Eagles-Steelers Up-Down Drill
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Eagles-Steelers Up-Down Drill
PITTSBURGH -- A look at the highs and lows from the Eagles' 16-14 loss to the Steelers on Sunday:
↓ There’s no other way to put it: Vick’s fumble at the goal line cost the Eagles the game. The Eagles had other issues, but none as great as their quarterback’s miscues with the football. Of Vick’s 11 turnovers this season, four have come in the red zone.
↑ But Vick showed why calls for Nick Foles are premature. He bounced back in the second half and was the efficient, poised quarterback we saw last week against the Giants. Vick completed 13 of 18 passes for 105 yards and two touchdowns after the break, and engineered another four quarter drive to put the Eagles ahead.
Third and 12
↓ The Eagles defense, however, could not get off the field on the Steelers’ final drive. Pittsburgh’s pick up on third down and 12 at their own 18 was a killer. With the Eagles in zone and two safeties deep, Ben Roethlisberger hit a wide open Antonio Brown over the middle for 20 huge yards.
↓ Asomugha did not have a terrible game, nor did anyone on the Eagles defense for that matter. But he did not have one of his better halves in the first 30 minutes. Roethlisberger kept picking on the cornerback, hitting Brown four times for 46 yards. Asomugha was also whistled for holding on the Steelers’ drive before the half that netted three points.
↑ He may have been whistled for a false start in the first half, but Bell did fine work against Steelers LB James Harrison for most of the game. Harrison, who did not record a sack, was clearly not 100 percent playing in his first game of the season. But Bell continues to improve with each game and will likely be the left tackle going forward.
↑ The special teams ace made his presence felt when he dropped Chris Rainey at the 8-yard line after Alex Henery kicked off to open the second half. The Eagles’ kick return unit has been brutal, but getting Anderson back from injury helped on that play.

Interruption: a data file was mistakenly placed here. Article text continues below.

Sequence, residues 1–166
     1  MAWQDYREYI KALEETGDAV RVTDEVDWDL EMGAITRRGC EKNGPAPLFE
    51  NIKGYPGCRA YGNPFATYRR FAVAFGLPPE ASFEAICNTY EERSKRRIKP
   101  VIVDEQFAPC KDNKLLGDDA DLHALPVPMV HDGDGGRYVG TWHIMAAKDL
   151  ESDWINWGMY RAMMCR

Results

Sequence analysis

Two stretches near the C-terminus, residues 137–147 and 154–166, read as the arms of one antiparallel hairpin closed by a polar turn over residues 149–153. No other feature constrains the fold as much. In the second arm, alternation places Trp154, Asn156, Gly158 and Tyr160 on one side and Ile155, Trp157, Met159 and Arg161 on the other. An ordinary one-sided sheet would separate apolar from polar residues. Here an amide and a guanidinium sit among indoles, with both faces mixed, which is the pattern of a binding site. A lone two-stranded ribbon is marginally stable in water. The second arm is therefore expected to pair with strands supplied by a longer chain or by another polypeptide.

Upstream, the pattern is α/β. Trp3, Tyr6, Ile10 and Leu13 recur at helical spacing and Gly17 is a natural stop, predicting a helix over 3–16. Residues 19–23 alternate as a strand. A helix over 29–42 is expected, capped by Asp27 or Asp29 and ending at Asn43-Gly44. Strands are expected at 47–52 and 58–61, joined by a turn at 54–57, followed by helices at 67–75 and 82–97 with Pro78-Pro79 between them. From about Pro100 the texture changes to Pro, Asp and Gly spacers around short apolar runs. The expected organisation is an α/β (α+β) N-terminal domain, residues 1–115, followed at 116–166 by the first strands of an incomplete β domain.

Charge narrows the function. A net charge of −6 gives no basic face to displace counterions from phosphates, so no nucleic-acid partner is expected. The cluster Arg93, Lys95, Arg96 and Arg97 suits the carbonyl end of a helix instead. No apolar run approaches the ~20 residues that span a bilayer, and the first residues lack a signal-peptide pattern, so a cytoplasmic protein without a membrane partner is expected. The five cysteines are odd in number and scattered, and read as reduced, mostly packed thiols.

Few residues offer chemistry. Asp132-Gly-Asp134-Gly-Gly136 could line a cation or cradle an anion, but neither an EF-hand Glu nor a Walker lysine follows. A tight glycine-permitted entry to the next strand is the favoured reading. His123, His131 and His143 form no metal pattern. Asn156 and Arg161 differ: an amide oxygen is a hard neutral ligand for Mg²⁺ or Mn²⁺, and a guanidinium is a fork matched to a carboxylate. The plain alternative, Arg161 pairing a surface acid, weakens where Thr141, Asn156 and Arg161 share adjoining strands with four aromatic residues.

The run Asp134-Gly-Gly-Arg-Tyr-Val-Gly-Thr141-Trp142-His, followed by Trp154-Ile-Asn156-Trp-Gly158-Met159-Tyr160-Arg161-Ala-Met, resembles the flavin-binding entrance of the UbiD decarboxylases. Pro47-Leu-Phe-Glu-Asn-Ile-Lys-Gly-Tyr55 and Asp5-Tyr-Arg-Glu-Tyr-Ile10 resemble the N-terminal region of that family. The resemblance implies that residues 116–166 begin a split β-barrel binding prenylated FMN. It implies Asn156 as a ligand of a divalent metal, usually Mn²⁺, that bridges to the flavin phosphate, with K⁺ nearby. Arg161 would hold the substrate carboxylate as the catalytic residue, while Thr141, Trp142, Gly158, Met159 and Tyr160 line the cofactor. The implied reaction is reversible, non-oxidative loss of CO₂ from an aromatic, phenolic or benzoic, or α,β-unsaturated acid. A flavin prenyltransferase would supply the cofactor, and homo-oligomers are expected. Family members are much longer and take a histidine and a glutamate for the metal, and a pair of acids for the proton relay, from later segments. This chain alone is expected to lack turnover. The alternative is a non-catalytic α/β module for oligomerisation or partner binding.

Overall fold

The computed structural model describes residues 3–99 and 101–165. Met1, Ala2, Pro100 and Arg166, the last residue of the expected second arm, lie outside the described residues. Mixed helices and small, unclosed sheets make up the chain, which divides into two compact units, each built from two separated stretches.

↓ All it took was one kickoff for the Eagles’ issues to return. Brian Rolle was cut last week and Moten was brought in, the Birds said, because he would be a better option on special teams. But Moten missed a tackle on a return that Rainey took back 44 yards.
↓ The line has been getting pressure, but it wasn’t enough against Roethlisberger, Pittsburgh’s Houdini. As tough to bring down as he is, Big Ben had been sacked nine times in the first three games. The Eagles, meanwhile, have only six total sacks this season. They had 16 at this point a year ago.
↑ One of the reasons Roethlisberger kept going at Asomugha was because Rodgers-Cromartie gave Mike Wallace little room to get open. The Steelers receiver finished with just two catches for 17 yards with Rodgers-Cromartie covering him most of the game.
↑ The Eagles dialed up the same play that resulted in Jackson’s 19-yard touchdown catch last week on a key third down on their fourth-quarter go-ahead drive. Jackson and Jeremy Maclin ran switch routes and Vick lofted a 24-yard completion to Jackson down to the Pittsburgh 10. It was a great call by offensive coordinator Marty Mornhinweg.
Jason Babin and Trent Cole
↓ Babin and Cole each hurried Roethlisberger into a few errant throws, but the two defensive ends have been held sackless for two straight games. Casey Matthews, who played only a few downs when Mychal Kendricks left, had as many tackles as Babin and Cole combined – two.
↓ Brandon Graham and Tapp did their jobs rushing Roethlisberger into an incomplete pass in the first quarter. But Tapp lost his cool when a Steelers offensive lineman instigated him into throwing a punch. Instead of facing second and 20, Pittsburgh was granted a first down after Tapp’s personal foul. Lucky for the Eagles – and Tapp – the Steelers’ drive eventually stalled.
↑ It was nice to see McCoy produce in the passing game. The Eagles running back caught four passes for 27 yards, but the biggest was a 15-yard touchdown grab in the third quarter. McCoy was the hot receiver on a Steelers blitz, and Vick got him the ball. The tailback took care of the rest, slashing into the end zone.